Wednesday, August 11, 1999


Good Morning!

“…How long will you waver between two opinions? If the LORD is God, follow him; but if Baal is God, follow him….” (I King. 18:21b) 

When we begin to tolerate in ourselves  the world’s godless values based as they are on lust and pride, we inevitably begin sliding toward,+

A chronically restless desire for more of whatever we think will bring satisfaction to our unsettled and nervous lives.

An insistence on moral autonomy that resists any pressure toward restraint or accountability.

An appetite for power and recognition that seeks to control or manipulate others.

Christ however. calls us to a radically changed set of values:

Contentment, which is giving our work our best effort and then resting the results in God’s sovereign hands. The alternative is a nervous, complaining spirit, which is displeasing to Him. (I Cor.  10:10; I Tim. 6:6)

 Purity, which is choosing to live a life unsullied by the world’s filth and corruption. Paul instructed young Timothy, “Do not participate in the sins of  others, keep yourself pure.” (I Tim. 5:22)

Simplicity, which is “ freedom,…[bringing] joy and balance. [But] because we lack a divine Center, our need for security has led us into an insane attachment to things….”++

Frugality, which is the product of a disciplined mind and inner self-control. By practicing thrift, we prudently choose to put boundaries on our appetites and inclination toward self-indulgence. Character is being forged. “Use it up. Wear it out. Make it do. Do without.” 

Modesty, which is demonstrated in the fact that the incarnate God chose to be born in a cattle shed, and grow into manhood  in the out-of-the-way village of Nazareth. No evidence here of ostentatious abuse of power or position. Rather, moderation and humility.

QUESTION:  Of the two sets of values, which are you embracing? Why?



My prayer is that you are having a great week!

Wednesday, August 4, 1999


Good Morning!

The Marlboro Man is a myth. All of us need self-examination and group accountability.+                                                   

Examine yourselves to see whether you are in the faith; test yourselves…Therefore confess your sins to each other and pray for each other so that you may be healed…”  (2 Cor. 13:5; Jms. 5:16a)


  1. Are you satisfied with the time you spent with the Lord this week? (Lk. 10:41,42)
  2. Have you shared your faith this week? How? (Col. 1:28, 29)
  3. Men: Did you put yourself in an awkward situation with a woman?  (Gen. 39:4-20a)
  4. At any time did you compromise your integrity? (Job 27:3-5)
  5. What one sin plagued your walk with God this week? (Rom. 7:15- 8:4)
  6. Did you accomplish your spiritual goals this week? (Eph. 5:14-17)
  7. Are you giving generously to the Lord’s work? (2 Cor. 9:6-8)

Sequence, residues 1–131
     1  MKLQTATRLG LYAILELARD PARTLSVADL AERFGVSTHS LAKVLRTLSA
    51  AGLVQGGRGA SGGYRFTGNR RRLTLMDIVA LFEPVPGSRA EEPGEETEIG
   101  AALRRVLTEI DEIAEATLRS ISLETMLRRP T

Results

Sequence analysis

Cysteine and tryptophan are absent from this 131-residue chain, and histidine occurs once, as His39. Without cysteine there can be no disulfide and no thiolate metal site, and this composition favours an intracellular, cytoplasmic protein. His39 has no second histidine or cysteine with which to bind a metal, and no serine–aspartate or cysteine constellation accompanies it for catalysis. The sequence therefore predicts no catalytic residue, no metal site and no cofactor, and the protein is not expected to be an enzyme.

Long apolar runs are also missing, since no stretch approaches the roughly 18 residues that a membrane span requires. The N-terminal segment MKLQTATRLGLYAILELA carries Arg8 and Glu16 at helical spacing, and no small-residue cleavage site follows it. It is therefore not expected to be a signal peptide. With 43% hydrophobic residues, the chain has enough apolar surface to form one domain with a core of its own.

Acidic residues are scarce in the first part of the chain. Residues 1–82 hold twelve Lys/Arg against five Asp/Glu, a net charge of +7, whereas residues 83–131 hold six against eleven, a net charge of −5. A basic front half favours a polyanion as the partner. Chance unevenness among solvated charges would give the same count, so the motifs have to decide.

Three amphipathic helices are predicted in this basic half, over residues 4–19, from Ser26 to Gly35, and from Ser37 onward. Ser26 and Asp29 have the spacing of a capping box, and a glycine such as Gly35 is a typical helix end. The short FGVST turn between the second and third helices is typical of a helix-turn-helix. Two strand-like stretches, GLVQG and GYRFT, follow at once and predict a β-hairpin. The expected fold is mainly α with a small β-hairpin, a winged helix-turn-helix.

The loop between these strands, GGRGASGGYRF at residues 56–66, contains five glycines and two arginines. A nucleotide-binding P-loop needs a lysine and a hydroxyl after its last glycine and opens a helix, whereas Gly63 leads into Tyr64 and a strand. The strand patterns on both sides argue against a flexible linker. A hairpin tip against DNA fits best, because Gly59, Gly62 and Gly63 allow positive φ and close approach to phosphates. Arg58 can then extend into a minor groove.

8. How have you recently demonstrated a servant’s heart? (Mk. 10:-42-45)
  9. Did you treat your peers and coworkers as people loved by God? (I Jn. 4:19-21)
  10. What significant thing did you do for your family this week? (1Tim.  5:8; Prov.3:10-31)
  11. Women: Did you dress in a modest, discreet manner this week? (I Pet. 3:3,4)
  12. Did you expose yourself to any inappropriate material this week? (Phil. 4:8)
  13. What do you see as your number one need for next week? (Gal. 6:4)
  14. Did you take time to show compassion for others in need? (Matt. 9:12, 13)
  15. Did you control your tongue this week? (Prov. 17:27, 28)
  16. What did you do to enhance your relationship with your spouse? (1 Pet. 3:8-11)
  17. Did you forgive those who offended you this week? (Eph. 4:32)            
  18. In what ways have you launched out in faith in recent days? (Heb. 10:38,39)
  19. Has your focus this week been primarily on the temporal or the eternal? (Col. 3:1-3)
  20. Men: Did you look at a woman in the wrong way this week? (Matt. 5:27-29)
  21. How have you been tempted this week? How did you respond?  (Jms. 1:13-15)
  22. How has your relationship with Christ been changing? (Phil. 3:17-21)
  23. Did you worship in church this week? (Heb. 11:24, 25)
  24. Women: Did you conduct yourself in a discrete manner toward men?  (I Thes.4:3-7)
  25. Have you invested your life in another person this week? How?  (I Jn. 3:16-18)
  26. What are you wrestling with in your thought life?  (2 Cor. 10:3-5)
  27. What have you done for someone else this week? (Phil. 2:3,4)
  28. What have you done recently to honor your parents?  (Eph. 6:2)
  29. Did you invest quantity and quality time with each of your kids this week? (1Thes.2:7,11)
  30. Are the “visible” you and Is the “real” you consistent(Psa. 51:6)


My prayer is that you are having a great week!